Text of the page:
The hockey stick effect
We have all seen and/or read about tipping points and hockey stick curves. Digital media seems to be full of them. None seem more powerful than the one below: the rise in awareness of Twitter in the US 2008-2010. Perhaps inspired by the beginning of the NHL playoffs (go Flyers!), I wanted to riff on this hockey stick curve.
The ascension of Twitter in the digital mediasphere has been meteoric (Edison Research). The way Twitter has become mainstream is impressive, boosted in no small part by mass media. After a muted existence at its outset among the digital savvy nerds (from its inception in 2006), the awareness of Twitter has soared in the last two years in the US.
With widespread awareness come users, those who have been converted from being sitting on the bench to actually signing up for an account. Naturally, for the most part they turn into observers, as opposed to participants (only 10% of the estimated 200 million subscribers worldwide are active). But, does that not sound like a good thing for brands and/or people wanting to get a message out? An audience looking for material! One of the primary reasons Twitter is being used is as a watch post, a digital surveillance mechanism. As far as I am concerned, it is fine with me if not everyone participates, as long as they find value from what they are reading in the Twitter stream.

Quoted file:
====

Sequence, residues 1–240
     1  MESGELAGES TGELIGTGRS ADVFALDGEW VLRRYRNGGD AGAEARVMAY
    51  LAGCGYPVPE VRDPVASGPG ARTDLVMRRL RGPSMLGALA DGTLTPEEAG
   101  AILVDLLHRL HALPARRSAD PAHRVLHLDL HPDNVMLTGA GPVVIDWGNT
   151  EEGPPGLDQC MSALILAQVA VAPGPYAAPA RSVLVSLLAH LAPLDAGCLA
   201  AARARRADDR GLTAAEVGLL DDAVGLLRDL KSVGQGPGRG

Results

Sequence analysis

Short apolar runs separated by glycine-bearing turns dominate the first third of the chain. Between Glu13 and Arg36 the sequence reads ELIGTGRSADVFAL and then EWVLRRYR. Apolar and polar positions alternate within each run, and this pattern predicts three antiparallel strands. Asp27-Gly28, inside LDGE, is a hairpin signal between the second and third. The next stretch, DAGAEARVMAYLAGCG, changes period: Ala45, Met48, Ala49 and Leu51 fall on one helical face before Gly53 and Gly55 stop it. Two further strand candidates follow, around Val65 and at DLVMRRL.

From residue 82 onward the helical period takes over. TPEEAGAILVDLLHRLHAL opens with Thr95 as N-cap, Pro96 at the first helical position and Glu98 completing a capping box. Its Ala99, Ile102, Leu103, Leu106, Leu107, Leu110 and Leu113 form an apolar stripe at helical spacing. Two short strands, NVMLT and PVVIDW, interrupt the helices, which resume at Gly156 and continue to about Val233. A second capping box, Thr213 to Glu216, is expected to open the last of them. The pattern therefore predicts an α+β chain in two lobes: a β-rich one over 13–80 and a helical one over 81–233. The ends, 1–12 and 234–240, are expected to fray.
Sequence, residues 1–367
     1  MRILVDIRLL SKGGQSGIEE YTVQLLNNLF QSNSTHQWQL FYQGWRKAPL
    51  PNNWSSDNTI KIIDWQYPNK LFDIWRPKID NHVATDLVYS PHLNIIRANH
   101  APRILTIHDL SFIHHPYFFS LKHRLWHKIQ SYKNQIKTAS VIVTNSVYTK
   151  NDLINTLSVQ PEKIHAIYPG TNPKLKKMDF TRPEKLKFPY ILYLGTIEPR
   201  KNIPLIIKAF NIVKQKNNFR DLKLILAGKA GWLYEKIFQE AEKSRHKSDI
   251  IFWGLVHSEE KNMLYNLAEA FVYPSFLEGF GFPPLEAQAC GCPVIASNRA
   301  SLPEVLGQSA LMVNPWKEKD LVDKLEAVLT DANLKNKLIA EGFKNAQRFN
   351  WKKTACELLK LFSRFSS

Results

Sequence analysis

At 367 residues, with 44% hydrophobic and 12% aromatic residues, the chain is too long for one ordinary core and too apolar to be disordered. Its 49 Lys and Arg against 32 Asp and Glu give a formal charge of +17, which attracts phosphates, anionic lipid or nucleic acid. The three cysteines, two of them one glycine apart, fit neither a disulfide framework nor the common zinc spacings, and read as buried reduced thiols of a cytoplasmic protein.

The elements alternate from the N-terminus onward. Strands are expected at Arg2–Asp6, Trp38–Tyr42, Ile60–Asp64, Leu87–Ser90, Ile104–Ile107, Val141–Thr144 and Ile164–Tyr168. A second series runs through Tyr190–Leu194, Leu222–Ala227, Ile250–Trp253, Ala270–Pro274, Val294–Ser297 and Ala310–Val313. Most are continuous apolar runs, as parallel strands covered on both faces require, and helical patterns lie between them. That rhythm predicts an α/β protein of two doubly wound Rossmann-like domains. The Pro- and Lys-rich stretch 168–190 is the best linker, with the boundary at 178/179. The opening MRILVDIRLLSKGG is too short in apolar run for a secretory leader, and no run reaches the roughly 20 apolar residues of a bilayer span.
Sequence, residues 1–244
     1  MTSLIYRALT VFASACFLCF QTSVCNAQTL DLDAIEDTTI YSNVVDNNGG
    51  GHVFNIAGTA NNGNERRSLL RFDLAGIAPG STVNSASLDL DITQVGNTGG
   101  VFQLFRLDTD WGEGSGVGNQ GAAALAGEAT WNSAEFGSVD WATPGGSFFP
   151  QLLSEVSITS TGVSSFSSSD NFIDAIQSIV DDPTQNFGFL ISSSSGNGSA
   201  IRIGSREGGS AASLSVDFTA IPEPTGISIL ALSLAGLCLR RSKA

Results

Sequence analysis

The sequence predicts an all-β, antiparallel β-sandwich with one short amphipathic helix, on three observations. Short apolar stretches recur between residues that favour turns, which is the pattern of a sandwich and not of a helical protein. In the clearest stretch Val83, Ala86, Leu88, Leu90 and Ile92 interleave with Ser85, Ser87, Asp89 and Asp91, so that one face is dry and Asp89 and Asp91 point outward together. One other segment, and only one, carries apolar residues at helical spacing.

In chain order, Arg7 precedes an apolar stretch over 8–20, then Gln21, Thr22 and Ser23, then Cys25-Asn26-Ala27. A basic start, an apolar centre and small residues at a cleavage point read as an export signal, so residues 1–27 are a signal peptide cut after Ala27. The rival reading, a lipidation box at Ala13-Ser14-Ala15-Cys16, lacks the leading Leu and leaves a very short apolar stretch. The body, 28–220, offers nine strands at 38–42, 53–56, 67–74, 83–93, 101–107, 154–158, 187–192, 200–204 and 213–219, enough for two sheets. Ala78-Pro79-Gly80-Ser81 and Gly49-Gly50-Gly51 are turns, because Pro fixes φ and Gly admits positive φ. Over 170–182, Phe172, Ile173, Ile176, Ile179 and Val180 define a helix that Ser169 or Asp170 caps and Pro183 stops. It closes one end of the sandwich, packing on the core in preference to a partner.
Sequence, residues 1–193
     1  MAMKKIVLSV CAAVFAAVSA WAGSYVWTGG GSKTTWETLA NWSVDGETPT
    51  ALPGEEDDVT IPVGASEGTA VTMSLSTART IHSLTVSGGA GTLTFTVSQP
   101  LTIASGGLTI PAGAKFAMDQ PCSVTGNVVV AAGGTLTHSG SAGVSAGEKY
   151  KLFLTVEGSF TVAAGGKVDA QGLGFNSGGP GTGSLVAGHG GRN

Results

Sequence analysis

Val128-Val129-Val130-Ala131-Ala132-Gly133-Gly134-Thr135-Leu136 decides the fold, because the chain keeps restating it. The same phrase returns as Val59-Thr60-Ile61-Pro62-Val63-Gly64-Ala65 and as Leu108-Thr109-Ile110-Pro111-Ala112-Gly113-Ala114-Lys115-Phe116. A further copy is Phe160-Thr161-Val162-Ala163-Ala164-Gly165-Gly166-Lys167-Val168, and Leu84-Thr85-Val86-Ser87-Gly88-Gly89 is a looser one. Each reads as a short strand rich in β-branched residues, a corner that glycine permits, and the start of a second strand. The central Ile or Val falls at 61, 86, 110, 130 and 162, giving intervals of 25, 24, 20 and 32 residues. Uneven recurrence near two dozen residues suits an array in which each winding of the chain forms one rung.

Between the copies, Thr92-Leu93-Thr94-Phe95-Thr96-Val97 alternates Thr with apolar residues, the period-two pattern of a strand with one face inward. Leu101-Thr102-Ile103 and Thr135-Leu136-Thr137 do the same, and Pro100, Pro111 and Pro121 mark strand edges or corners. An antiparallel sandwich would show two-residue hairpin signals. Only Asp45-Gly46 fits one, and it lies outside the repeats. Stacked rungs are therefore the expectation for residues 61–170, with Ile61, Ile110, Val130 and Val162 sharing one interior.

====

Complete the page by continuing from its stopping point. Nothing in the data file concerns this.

Looking at my country of residence (France), where Twitter is far from mainstream (estimated at 2 million accounts, of which a paltry quarter million are active users), I believe that France today is probably closer to the 2009 mark in the US (i.e. maybe around 30% awareness, although I do not have any statistics to prove this). Will France and other non-English speaking countries follow suit and fly up the hockey stick? For brands and digital marketing teams, the ‘payback’ is clearly not as decisive as participating in Facebook — aside from the media, politicians and a couple of personalities, French consumer brands are yet dimly present on Twitter. The first to pierce through on the top francophone Twitter accounts is the boutique Collette Paris with 72K followers. My suspicion is that the 2012 Presidential Elections may yet provide a spark — it would not be without irony that the government be responsible in France for accelerating the adoption of Twitter. The official Presidential account (“Elysee“) has 22k+ followers, an as yet anemic penetration compared to Ecology & Transport Minister NK_M at 70K followers.
But, coming back to hockey, my old home town Montreal Habs team has 124,000 followers on Twitter. Puts things in perspective for the Twitter social media marketers in France!